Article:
Letter from the CEO

Thursday, August 11, 2011
As summer ends, college students are getting ready for the new academic year. It’s a busy and exciting time for them and their families. They’re moving into dorms or apartments, starting part-time jobs, and sorting out the red tape that comes with student loans and course registration.

But for undergraduates who’ve been the unwitting victims of child identity theft, this can be a period of unexpected challenges. Many young adults, such as Jaleesa Suell, discover the crime in their 20s, years after it has occurred, and they struggle to rehabilitate their credit records. They can’t get credit cards, rent a house or apartment, or secure a loan without their parents co-signing. They might even have trouble landing a job—all because someone stole their identity from right under their nose. We examine this problem, and one solution. You can also listen to Suell’s story here.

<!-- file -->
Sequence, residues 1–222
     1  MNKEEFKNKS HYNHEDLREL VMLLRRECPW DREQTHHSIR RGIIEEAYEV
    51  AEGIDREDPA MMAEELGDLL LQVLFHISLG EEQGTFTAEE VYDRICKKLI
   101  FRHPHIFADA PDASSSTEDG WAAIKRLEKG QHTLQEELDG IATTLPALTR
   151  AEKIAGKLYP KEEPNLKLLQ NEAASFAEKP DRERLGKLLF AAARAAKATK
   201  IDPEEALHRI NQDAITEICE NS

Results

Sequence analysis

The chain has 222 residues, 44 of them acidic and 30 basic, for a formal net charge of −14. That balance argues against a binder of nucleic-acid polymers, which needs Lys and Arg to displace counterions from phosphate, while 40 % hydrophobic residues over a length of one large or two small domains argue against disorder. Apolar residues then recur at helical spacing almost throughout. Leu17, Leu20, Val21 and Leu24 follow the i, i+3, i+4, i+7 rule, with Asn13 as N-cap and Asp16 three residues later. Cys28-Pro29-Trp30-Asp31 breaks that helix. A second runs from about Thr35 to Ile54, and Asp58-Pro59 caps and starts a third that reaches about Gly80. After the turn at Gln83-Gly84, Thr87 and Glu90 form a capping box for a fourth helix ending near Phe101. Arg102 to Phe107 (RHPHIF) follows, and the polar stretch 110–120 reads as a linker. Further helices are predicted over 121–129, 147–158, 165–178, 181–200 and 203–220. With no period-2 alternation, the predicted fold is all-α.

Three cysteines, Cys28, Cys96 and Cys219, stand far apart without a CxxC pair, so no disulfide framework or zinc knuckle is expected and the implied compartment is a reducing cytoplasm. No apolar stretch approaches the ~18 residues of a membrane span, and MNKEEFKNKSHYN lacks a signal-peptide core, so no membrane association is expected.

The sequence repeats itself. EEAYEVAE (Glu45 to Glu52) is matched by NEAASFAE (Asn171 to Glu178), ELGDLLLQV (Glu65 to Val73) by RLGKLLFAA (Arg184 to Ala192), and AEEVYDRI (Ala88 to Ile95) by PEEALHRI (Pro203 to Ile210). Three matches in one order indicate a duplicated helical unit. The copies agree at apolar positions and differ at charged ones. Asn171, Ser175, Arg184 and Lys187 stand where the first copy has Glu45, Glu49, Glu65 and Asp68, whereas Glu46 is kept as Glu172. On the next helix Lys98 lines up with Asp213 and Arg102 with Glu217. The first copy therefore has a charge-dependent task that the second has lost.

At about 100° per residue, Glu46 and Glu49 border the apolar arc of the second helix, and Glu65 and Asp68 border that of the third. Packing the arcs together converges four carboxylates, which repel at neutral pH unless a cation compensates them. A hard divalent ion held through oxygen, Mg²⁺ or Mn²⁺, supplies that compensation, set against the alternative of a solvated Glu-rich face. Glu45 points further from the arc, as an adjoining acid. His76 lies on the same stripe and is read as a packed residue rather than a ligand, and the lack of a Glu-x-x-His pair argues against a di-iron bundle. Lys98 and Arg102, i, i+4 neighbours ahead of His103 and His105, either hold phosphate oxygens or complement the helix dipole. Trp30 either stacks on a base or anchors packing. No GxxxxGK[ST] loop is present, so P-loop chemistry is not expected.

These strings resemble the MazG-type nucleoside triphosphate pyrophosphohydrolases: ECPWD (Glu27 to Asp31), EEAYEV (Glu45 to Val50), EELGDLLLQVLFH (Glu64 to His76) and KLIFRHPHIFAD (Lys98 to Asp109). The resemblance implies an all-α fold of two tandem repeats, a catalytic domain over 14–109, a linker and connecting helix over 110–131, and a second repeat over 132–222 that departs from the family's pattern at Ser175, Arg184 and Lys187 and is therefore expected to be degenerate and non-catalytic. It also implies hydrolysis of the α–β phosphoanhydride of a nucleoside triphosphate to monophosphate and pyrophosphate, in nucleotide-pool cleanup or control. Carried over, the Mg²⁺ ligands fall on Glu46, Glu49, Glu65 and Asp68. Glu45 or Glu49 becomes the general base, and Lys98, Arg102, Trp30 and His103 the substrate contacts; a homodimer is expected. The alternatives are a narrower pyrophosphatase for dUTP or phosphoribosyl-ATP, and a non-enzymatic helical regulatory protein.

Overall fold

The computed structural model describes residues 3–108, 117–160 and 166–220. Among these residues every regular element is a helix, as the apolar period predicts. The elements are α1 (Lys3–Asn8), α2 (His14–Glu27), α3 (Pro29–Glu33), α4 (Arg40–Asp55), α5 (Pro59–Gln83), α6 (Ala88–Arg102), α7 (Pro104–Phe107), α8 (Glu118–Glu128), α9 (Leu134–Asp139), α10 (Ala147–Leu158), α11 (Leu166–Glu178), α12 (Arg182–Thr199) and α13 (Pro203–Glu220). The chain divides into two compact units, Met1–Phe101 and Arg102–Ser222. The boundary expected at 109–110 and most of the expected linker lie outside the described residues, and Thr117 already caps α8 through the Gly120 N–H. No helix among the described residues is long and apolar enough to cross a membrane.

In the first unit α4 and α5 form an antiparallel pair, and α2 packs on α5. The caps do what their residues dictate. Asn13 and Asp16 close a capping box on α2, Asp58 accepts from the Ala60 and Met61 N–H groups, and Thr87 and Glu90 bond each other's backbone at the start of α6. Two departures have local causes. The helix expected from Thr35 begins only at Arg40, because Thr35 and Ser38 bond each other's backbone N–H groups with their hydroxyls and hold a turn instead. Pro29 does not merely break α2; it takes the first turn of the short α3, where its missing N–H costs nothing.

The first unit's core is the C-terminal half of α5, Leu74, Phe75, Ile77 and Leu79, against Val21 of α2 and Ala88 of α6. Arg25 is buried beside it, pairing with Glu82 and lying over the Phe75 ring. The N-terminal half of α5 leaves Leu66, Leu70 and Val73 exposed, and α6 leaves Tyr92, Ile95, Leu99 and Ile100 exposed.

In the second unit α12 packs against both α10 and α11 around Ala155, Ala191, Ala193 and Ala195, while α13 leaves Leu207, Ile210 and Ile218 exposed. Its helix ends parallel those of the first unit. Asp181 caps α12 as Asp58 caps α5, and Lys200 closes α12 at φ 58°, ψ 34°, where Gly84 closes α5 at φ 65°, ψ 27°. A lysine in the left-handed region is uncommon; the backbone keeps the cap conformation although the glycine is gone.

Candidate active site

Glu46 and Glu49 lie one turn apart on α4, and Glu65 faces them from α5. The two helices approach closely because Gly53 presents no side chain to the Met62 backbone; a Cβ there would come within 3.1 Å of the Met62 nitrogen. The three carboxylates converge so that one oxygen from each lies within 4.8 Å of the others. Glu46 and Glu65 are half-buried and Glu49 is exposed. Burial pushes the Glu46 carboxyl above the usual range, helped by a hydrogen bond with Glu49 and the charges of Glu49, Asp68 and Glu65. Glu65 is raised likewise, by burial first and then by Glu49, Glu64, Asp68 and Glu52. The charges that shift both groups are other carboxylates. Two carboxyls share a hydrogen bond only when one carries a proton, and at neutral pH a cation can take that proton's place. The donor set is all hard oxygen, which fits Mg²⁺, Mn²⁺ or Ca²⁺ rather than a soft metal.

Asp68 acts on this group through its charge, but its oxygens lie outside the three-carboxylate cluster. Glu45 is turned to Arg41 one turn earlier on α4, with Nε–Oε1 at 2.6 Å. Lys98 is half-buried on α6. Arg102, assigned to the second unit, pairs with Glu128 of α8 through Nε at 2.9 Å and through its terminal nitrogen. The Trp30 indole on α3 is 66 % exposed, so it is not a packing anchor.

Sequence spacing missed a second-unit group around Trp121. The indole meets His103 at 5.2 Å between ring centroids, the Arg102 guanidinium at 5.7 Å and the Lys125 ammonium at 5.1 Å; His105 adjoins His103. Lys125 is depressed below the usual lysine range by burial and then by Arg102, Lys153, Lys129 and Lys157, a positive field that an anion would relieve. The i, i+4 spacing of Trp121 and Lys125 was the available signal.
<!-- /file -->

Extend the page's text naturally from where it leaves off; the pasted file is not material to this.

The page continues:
Also in this issue, we share one schoolteacher’s hard lesson in identity theft. Imagine Mark Kendel’s shock when he was arrested for writing bad checks in Florida—crimes committed by an identity thief. Learn how one of our fraud investigators took steps to restore his good name.

More than 8 million people were victimized by identity theft last year, and your odds of getting hit increase depending on which state you live in. Learn which factors make some states more vulnerable to attack than others by viewing our slideshow on the 5 Worst States for Identity Theft. Learn how to protect yourself, even if you think your state or city is immune from the crime.

Finally, this month’s Ask the Expert column discusses the disturbing British phone-hacking scandal. As journalists and politicians get grilled over their conduct, the question remains: How is it possible for someone to hack into my cell phone for voicemail messages and other information? Surprisingly, no one is immune from this kind of spying, but there are ways to make life tougher for the intruders. Ondrej Krehel, our Chief Information Security Officer, shares 10 tips to help you shore up your mobile devices and keep your personal life personal.

As always, we hope you enjoy.

Matt Cullina
Chief Executive Officer

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